Before I offer my two cents about this week's Google Voice news, I should probably note that I am a huge fan of the service and have been using it since it was Grand Central - before the acquisition by Google. It's also worth noting that I use an Android phone on the Verizon network.
With that said, Google's announced partnership with Sprint this week is a pretty significant announcement, even if it's kind of tough to understand. In a nutshell, Sprint customers can now turn their cell phone numbers into Google Voice numbers, which means that calls to those numbers won't just ring on the cell phone itself. They can also be programmed to ring on other lines, including home landlines, office numbers and even computers, via Gmail.
That's a big deal because it represents a carrier's phone number to essentially be ported to Google Voice, just as it would allow a number to be ported to another carrier. But unlike another carrier, porting that number to GV frees it to ring on other devices.
Meanwhile, the service allows Google Voice customers to replace their Sprint numbers with their Google Voice numbers when placing calls or sending text messages - without the app. Android phone owners running the Google Voice app have already been able to do that - but it's been kind of clunky until now.
I remain bullish about Google Voice and am thrilled that Google continues to enhance the service, which it acquired in 2007. The beauty of these enhancements is that they appear to meet the real-life needs of GV users. What I'd like to see next, though, is for Google to allow mobile phone users to customize which number - device number or Google Voice number - is used for specific calls. Here's what I mean by that:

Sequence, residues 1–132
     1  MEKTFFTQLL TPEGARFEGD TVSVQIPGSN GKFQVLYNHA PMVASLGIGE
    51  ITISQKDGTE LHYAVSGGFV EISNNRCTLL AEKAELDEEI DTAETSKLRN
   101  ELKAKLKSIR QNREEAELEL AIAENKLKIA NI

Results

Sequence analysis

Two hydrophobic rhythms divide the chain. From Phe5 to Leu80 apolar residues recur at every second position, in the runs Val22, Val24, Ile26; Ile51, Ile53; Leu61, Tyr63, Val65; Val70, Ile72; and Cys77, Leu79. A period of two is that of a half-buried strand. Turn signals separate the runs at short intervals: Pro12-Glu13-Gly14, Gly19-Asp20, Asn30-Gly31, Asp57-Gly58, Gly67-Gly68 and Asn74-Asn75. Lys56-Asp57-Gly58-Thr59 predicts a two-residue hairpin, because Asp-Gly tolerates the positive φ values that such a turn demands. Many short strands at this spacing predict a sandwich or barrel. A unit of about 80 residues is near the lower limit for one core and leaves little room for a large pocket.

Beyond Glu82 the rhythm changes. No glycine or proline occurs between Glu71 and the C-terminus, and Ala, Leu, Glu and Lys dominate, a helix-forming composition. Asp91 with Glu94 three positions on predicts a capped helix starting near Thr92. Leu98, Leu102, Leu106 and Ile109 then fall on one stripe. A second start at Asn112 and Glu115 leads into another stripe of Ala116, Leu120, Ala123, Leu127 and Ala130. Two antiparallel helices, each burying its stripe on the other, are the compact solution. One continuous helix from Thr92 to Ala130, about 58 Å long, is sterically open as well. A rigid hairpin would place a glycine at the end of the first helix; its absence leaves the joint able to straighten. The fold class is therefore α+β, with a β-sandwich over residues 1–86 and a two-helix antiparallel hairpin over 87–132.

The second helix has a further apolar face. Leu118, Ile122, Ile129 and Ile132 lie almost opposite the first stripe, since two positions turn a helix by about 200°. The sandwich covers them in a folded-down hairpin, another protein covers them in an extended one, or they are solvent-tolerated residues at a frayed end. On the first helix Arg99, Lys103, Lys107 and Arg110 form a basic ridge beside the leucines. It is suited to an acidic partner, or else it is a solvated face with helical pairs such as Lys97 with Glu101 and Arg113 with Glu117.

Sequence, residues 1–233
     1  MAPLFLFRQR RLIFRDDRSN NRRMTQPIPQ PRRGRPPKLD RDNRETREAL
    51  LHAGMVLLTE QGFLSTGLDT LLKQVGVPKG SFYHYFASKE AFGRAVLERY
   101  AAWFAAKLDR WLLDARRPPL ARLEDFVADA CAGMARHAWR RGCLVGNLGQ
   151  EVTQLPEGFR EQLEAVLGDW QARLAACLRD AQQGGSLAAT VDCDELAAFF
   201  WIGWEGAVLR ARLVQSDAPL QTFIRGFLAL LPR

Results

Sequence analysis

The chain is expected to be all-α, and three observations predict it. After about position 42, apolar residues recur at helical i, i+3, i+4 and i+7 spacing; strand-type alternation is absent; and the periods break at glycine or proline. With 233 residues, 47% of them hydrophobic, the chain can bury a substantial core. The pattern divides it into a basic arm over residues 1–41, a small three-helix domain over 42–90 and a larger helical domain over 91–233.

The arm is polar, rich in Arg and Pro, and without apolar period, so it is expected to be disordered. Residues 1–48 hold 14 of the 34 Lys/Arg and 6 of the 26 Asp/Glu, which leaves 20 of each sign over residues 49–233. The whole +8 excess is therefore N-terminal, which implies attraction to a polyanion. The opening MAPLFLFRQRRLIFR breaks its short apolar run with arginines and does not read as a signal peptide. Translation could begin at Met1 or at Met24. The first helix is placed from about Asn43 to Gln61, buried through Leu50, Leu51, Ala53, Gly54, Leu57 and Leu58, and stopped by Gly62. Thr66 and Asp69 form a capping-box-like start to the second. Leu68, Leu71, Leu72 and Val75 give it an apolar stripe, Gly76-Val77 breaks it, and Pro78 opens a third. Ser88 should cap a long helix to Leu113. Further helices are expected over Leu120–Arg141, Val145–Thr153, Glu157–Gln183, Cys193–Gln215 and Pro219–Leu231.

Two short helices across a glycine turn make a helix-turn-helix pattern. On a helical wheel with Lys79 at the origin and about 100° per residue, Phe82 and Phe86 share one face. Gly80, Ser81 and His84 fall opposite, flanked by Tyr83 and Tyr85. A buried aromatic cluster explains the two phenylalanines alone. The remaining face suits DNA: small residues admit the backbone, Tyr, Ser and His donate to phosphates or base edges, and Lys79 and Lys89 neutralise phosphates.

I have a number that was assigned to my smartphone by Verizon - and that's the number I've given to friends, family and other personal contacts. When those folks call me - regardless of day or time - that device rings. I also use a Google Voice number as my "work" number, which rings at my desk and on my mobile - but only during the assigned hours. During evening or weekend hours, calls to that line go directly to voicemail.
Here's the trick, when I use my smartphone to call my wife, for example, I have to manually decide how to place that call - using the Verizon number or the GV number. The same goes when I make a business-related call from that device. What I'd like to be able to do is have every call to my wife's numbers automatically be dialed from the Verizon number and every call placed to my business contacts to automatically be dialed from my GV number.
It can be confusing - but users of the service will understand. As for the Sprint news, it's unclear whether a GV partnership is enough of a perk for Sprint to help the carrier fight off the forces of mega-competitors, notably Verizon and now AT&T, which is acquiring T-Mobile. Still, it's a good move for both sides - and Google has once again turned to a YouTube video to help explain.
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